Why the Former First Lady of New York is Planting Roots in Pittsboro

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Michelle Paige, the second vice chair of the Chatham County Democratic Party, left her legacy in the Big Apple behind to make her mark on local politics

Michelle Paige
Michelle Paige was recognized as one of Chatham Magazine‘s 2022 Women of Achievement.

By Anna-Rhesa Versola | Photography by John Michael Simpson

Michelle Paige carries herself with an easy assurance that speaks volumes. 

She worked in the health care industry for about 20 years, starting out in a Harlem hospital as director of community relations and government affairs. Michelle, who earned a bachelor’s degree in speech communications and marketing from Syracuse University, was responsible for connecting with local residents and lobbying elected officials to improve health care for underserved constituents. Then, she was director of external affairs and corporate contributions for a health insurance company for 11½ years before launching MRP Global Relations in 2017, a consulting company coaching women in high-profile roles. 

One of her most impactful achievements occurred when her then-husband, David Paterson, was governor of New York from 2008 to 2010. Michelle expanded a health initiative for 3,000 middle school students in Harlem into a statewide program that included more than 360,000 preteens. The wellness project garnered national and international attention during her tenure as the first lady of New York. Since then, Michelle, who also has a master’s degree in health services management and policy from The New School in New York City, has focused on self-care through yoga, hiking and daily meditation.

One day in December 2019, her now-partner, Kaveh Naficy, had a moment of clarity that became the impetus for their move from Morristown, New Jersey, to Pittsboro

“Kaveh says to me, ‘I just had this vision that we’re supposed to be in RTP.’ And I’m like, ‘What’s RTP?’” Michelle says, laughing. She remembers him explaining that Research Triangle Park is a hub for health care and technology.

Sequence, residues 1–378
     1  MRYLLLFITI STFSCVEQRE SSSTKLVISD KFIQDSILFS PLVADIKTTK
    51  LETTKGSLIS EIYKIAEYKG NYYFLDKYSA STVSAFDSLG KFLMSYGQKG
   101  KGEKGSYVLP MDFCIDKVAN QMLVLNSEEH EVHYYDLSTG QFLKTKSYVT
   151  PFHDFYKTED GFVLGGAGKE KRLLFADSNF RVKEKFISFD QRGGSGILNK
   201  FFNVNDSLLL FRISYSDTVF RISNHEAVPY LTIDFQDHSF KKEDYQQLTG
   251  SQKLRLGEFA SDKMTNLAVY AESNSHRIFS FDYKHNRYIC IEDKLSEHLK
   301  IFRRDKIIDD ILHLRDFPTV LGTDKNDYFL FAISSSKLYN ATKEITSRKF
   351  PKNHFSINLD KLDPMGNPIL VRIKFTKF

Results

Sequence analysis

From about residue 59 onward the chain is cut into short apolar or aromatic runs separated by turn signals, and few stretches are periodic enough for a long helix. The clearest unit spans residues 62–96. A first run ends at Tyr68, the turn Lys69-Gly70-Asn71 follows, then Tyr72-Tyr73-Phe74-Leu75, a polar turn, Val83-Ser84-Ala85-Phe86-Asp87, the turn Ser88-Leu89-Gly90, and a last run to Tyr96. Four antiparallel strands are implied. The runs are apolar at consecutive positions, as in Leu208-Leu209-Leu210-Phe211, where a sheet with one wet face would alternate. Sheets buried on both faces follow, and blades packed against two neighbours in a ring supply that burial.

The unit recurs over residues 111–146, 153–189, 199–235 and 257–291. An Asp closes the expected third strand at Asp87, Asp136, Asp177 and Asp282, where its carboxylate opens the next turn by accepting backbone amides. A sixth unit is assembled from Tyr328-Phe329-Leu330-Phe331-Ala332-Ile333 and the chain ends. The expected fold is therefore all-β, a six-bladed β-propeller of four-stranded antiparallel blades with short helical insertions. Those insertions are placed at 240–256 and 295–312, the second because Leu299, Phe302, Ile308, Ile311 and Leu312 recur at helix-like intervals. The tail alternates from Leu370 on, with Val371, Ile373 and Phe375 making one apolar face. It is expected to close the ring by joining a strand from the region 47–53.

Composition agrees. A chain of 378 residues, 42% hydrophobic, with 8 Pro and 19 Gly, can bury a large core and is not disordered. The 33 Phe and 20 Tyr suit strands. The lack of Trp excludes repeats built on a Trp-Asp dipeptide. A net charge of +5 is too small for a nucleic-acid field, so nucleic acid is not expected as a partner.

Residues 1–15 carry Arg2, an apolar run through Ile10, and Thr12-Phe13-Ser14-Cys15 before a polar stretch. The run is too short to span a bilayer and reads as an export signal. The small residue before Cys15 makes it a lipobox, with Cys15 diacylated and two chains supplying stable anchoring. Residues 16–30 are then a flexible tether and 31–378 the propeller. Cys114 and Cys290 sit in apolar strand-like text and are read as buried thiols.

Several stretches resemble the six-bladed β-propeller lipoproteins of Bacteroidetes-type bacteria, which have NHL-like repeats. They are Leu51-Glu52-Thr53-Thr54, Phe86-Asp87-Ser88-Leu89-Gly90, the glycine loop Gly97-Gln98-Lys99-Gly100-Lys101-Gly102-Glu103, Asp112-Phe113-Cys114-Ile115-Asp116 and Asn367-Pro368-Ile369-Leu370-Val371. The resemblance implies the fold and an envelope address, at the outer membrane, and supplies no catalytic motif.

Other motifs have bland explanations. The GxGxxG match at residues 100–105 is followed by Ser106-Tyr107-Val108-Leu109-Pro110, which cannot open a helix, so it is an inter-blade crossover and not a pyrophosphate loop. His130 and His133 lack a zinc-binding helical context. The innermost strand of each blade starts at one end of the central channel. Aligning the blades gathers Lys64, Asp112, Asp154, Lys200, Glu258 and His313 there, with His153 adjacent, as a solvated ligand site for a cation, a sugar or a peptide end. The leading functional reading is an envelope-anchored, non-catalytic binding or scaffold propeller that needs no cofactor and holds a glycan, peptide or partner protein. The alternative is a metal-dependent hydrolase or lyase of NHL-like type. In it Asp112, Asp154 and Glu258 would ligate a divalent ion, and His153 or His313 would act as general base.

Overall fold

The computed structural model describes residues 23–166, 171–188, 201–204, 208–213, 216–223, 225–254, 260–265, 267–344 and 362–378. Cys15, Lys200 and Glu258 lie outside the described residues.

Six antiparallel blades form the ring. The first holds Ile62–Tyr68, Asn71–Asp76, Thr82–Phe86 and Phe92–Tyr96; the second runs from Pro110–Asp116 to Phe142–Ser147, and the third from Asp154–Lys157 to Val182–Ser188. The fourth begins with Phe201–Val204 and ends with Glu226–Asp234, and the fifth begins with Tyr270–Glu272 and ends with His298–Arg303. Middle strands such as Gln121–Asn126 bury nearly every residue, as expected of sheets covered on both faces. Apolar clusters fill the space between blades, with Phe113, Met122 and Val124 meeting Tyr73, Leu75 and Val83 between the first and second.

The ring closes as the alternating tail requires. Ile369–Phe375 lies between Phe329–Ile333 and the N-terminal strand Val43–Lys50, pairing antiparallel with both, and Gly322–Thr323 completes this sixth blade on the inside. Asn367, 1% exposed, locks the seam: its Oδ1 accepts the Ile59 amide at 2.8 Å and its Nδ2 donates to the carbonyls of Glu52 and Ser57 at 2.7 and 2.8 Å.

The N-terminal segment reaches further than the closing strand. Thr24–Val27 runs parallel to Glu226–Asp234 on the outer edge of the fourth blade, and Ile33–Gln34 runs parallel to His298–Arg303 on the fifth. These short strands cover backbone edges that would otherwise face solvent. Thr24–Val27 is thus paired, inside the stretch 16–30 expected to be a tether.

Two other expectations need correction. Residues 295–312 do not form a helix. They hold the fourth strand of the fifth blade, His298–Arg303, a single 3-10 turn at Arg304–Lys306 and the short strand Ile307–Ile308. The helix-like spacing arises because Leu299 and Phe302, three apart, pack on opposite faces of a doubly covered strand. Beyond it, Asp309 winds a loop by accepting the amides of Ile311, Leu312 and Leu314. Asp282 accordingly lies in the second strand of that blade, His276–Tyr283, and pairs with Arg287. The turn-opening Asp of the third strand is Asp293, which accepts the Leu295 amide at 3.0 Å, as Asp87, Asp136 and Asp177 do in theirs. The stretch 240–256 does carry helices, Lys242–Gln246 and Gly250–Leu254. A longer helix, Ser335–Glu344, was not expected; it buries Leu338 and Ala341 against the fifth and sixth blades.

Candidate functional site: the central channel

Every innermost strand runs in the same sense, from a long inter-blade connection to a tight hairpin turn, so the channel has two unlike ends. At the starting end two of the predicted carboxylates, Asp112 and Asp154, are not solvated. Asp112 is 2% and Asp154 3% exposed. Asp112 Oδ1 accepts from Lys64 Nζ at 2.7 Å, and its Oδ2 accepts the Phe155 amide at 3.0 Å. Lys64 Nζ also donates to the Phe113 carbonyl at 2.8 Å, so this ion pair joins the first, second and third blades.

“I’m a pretty adventurous person,” Michelle says, so she agreed to explore the area. The couple discovered Chatham County and settled in Seaforth Landing, a new development near Jordan Lake

“That lake clinched it,” Michelle says. “We bought a boat, and we didn’t know anything about boating. We would go during the week, so we wouldn’t hold up the line. Last summer, we bought kayaks.” 

California-born Michelle was raised in New York and spent summers in Georgia with her mother’s family. “I grew up loving the outdoors. I always wanted to live somewhere with property,” she says, adding that she hopes to establish a vegetable garden in her backyard. 

Michelle and Kaveh, who is founder of Lakida, a Pittsboro-based company that specializes in leadership coaching, are astounded by the kindness of strangers here. 

She cites one of their first outings on their boat as an example. “This guy and his girlfriend or wife were in a boat just sitting there hanging out by the dock,” Michelle says. “They come over, and he says, ‘I think [your] battery’s dead. I tell you what, why I don’t give you my battery. You can go out for an hour … and then come back.’ That would have never happened in New York.” 

Inside their home, a massive double bass leans against a corner of the dining room. She doesn’t play the instrument, though she loves jazz music. Throughout the home are framed photos of Michelle and her family with celebrities and politicians, mostly from the Democratic Party, like the Obamas and Clintons. These days, Michelle’s photo collection shows off new stars in her life – her grandsons, Miles, 3½, and Ellis, who was born in January. 

As COVID restrictions ease, Michelle and Kaveh are getting to know their neighbors through small social gatherings. And Michelle is edging into local politics as the second vice chair of the Chatham County Democratic Party, focusing on fundraising activities and goals for upcoming elections. 

Networking is one of Michelle’s natural talents. She is meeting change-makers in the Chatham community, like Valencia Toomer, founder of the School of the Arts for Boys Academy. Michelle is already tapping into her connections to link Valencia with potential resources and also hopes to partner with her to create a health-focused program for students because “you have to reach the kids young, and get them to start this [exercise] habit,” she says. “And, hopefully, it will stay with them throughout their lives.” 

Meanwhile, Michelle and Kaveh are exploring their surroundings with hikes along the Haw River and the nearby American Tobacco Trail. They have dined at the Postal Fish Company, Carolina Brewery and S&T’s Soda Shoppe and have spent weekends in Asheville and the Outer Banks. “I’m enjoying this period of my life,” Michelle says. “I had no idea how beautiful North Carolina is.” 

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Anna-Rhesa Versola

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